Integrated Optics: Circular single-mode polymer waveguides are created using the Mosquito method

May 10, 2017
The Mosquito method creates circular single-mode waveguides in polymer that are intended for use at 1310 and 1550 nm wavelengths.
In the Mosquito method, single-mode waveguides are made by injecting a higher-index liquid monomer into a lower-index liquid monomer while moving the injection needle; the process can be repeated to make parallel waveguides, and the assembly is then cured under UV light.
In the Mosquito method, single-mode waveguides are made by injecting a higher-index liquid monomer into a lower-index liquid monomer while moving the injection needle; the process can be repeated to make parallel waveguides, and the assembly is then cured under UV light.

High-bandwidth single-mode fibers pair well with the single-mode nature of silicon (Si) photonic circuits, providing fast connections between photonics-enabled chips at datacenters. However, connecting these fibers and photonic chips would be made easier by some sort of easy-to-fabricate type of single-mode optical waveguide.

Polymer waveguides, which can be fabricated a number of different ways, including photolithography and ultraviolet (UV) imprinting, could serve this purpose. However, although nominally single-mode polymer waveguides can be created using the above methods, fabricating circular single-mode polymer waveguides is more difficult.

Engineers at Keio University and Huawei Technologies Japan (both in Yokohama, Japan) are now using the so-called Mosquito method to create high-quality circular single-mode waveguides in polymer that are intended for use at 1310 and 1550 nm wavelengths.1 First developed to fabricate multimode polymer waveguides, the Mosquito method is named after the way it forms the waveguide—with a needle.

Starting with a coating of a thick monomer liquid on a substrate, the needle of a syringe filled with a different, higher-refractive-index liquid monomer is inserted into the coating and moved so that a thread of the second monomer is deposited in the first monomer at a distance underneath the surface of the coating (see figure). The combined structure is cured under UV light. The researchers say the whole process takes 15 minutes or less to fabricate a 5-cm-long, 12-channel single-mode polymer waveguide structure.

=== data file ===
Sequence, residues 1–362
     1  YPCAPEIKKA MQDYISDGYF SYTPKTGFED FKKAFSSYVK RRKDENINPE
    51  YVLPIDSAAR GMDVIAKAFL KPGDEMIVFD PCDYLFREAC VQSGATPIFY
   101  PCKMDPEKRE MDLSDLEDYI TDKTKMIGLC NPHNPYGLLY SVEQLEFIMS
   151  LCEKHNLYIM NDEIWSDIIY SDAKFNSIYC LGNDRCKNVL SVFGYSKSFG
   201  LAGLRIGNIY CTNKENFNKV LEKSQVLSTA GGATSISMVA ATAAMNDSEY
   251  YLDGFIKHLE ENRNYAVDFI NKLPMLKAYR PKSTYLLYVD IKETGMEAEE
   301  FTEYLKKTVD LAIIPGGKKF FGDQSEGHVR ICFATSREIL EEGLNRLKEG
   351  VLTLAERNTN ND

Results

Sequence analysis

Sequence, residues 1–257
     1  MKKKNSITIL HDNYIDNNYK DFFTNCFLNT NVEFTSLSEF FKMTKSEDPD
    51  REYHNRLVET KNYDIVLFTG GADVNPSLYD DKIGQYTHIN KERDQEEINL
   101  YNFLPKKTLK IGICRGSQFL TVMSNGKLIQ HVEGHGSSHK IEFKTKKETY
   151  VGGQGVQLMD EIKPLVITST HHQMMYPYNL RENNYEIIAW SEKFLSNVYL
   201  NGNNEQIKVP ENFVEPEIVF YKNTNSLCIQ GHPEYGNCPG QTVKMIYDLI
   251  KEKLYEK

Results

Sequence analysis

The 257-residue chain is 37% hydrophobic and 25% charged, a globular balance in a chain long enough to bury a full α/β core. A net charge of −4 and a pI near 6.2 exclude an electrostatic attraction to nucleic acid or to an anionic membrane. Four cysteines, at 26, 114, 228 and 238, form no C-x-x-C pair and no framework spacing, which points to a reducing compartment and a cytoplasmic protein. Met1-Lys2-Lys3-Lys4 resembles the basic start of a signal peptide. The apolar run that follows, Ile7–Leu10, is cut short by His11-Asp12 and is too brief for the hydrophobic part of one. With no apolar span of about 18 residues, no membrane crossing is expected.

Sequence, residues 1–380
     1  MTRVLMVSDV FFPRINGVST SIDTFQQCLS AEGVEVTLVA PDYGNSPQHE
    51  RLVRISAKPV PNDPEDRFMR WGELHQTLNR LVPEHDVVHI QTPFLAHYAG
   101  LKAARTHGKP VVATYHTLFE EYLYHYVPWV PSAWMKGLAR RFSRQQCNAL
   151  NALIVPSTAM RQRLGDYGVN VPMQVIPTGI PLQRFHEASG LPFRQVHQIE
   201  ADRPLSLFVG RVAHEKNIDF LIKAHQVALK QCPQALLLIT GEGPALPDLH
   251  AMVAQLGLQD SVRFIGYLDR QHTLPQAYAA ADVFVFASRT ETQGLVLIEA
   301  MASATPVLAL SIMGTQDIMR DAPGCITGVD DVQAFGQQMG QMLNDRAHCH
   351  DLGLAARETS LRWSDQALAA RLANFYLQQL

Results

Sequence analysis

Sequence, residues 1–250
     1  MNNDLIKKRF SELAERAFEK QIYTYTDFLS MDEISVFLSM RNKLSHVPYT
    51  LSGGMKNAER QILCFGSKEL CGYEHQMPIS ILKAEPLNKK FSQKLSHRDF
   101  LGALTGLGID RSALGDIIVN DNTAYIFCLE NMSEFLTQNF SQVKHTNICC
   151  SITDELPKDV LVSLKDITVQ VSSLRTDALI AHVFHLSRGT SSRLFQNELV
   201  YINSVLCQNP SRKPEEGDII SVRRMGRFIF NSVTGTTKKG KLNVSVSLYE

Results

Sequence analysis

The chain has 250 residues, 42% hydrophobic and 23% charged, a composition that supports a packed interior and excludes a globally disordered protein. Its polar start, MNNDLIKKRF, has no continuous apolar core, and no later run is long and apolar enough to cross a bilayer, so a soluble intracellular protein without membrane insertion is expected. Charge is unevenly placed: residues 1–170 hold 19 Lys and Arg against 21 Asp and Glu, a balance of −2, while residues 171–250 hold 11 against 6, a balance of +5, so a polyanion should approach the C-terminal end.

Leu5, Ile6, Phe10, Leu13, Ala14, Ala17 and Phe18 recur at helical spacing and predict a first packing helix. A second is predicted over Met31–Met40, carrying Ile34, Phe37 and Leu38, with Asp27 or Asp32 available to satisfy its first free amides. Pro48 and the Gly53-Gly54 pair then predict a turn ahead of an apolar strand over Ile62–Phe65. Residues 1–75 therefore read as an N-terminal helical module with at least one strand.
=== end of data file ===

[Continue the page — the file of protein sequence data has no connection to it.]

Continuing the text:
Single-mode via the Mosquito method

The researchers used two different versions of a silicate-based organic-inorganic hybrid resin for the core and cladding-the refractive-index difference between the two versions was about 0.6%. The resin, called Sunconnect and developed at Nissan Chemical (Tokyo, Japan), is thermally stable enough to withstand even the heat from solder reflow processes.

To create single-mode rather than the original multimode waveguides using the Mosquito method, the researchers decreased the dispensing pressure for the core monomer, increased the needle-scan velocity, and used a thinner needle. Data showed that the core diameter was inversely proportional to the square root of the needle-scan velocity. With a high-enough needle-scan speed, core diameters as small as 5 μm could be created. The researchers settled on a 40 mm/s scan speed, producing a core diameter of 7.9 μm—the 12 waveguides were spaced 254 μm apart.

Near-field intensity profiles of the waveguides closely fit a Gaussian profile with mode-field diameters (MFDs) of 8.27 and 9.47 μm at 1310 and 1550 nm wavelengths, respectively. For comparison, the MFDs for a standard single-mode fiber were also measured, and were 6.41 and 7.36 μm for 1310 and 1550 nm wavelengths.

Propagation losses for the fabricated waveguides were also measured using the cut-back method, in which ever-shorter lengths of the same waveguide are characterized and the loss then calculated. The propagation losses were determined to be 0.29 and 0.45 dB/cm at 1310 and 1550 nm wavelengths, which are very low and show that the core-cladding boundary is smooth, minimizing scatter.

Insertion and coupling losses were measured using a standard single-mode fiber coupled into the waveguide without using any index-matching fluid. The insertion loss (which takes into account the coupling losses and the loss within the waveguide itself) was 2.52 and 4.03 dB at 1310 nm and 1550 nm, respectively, while the coupling loss was estimated to be 0.5 dB at 1310 nm per end, including the Fresnel reflection loss. Fiber-to-waveguide misalignment tolerances for a 0.5 dB loss were measured to be about ±1.5 and ±2.0 μm at 1310 nm and 1550 nm, respectively.

The researchers also coupled the 12-channel waveguide array to a 1 × 16 channel optical splitter with a 127 μm pitch-half that of the 12-channel array, meaning that only eight of the connections could be made because of the geometry of the devices. The eight connected channels showed high intensity.

Finally, narrow-pitch versions of the 5-cm-long polymer-waveguide arrays were evaluated for crosstalk. While a 30 μm pitch produced a lower than -30 dB crosstalk, a 20 μm pitch resulted in a high crosstalk on the order of -10 dB, probably because of mode-coupling.

REFERENCE

1. K. Yasuhara et al., Opt. Express (2017); https://doi.org/10.1364/oe.25.008524.

About the Author

John Wallace | Senior Technical Editor (1998-2022)

John Wallace was with Laser Focus World for nearly 25 years, retiring in late June 2022. He obtained a bachelor's degree in mechanical engineering and physics at Rutgers University and a master's in optical engineering at the University of Rochester. Before becoming an editor, John worked as an engineer at RCA, Exxon, Eastman Kodak, and GCA Corporation.

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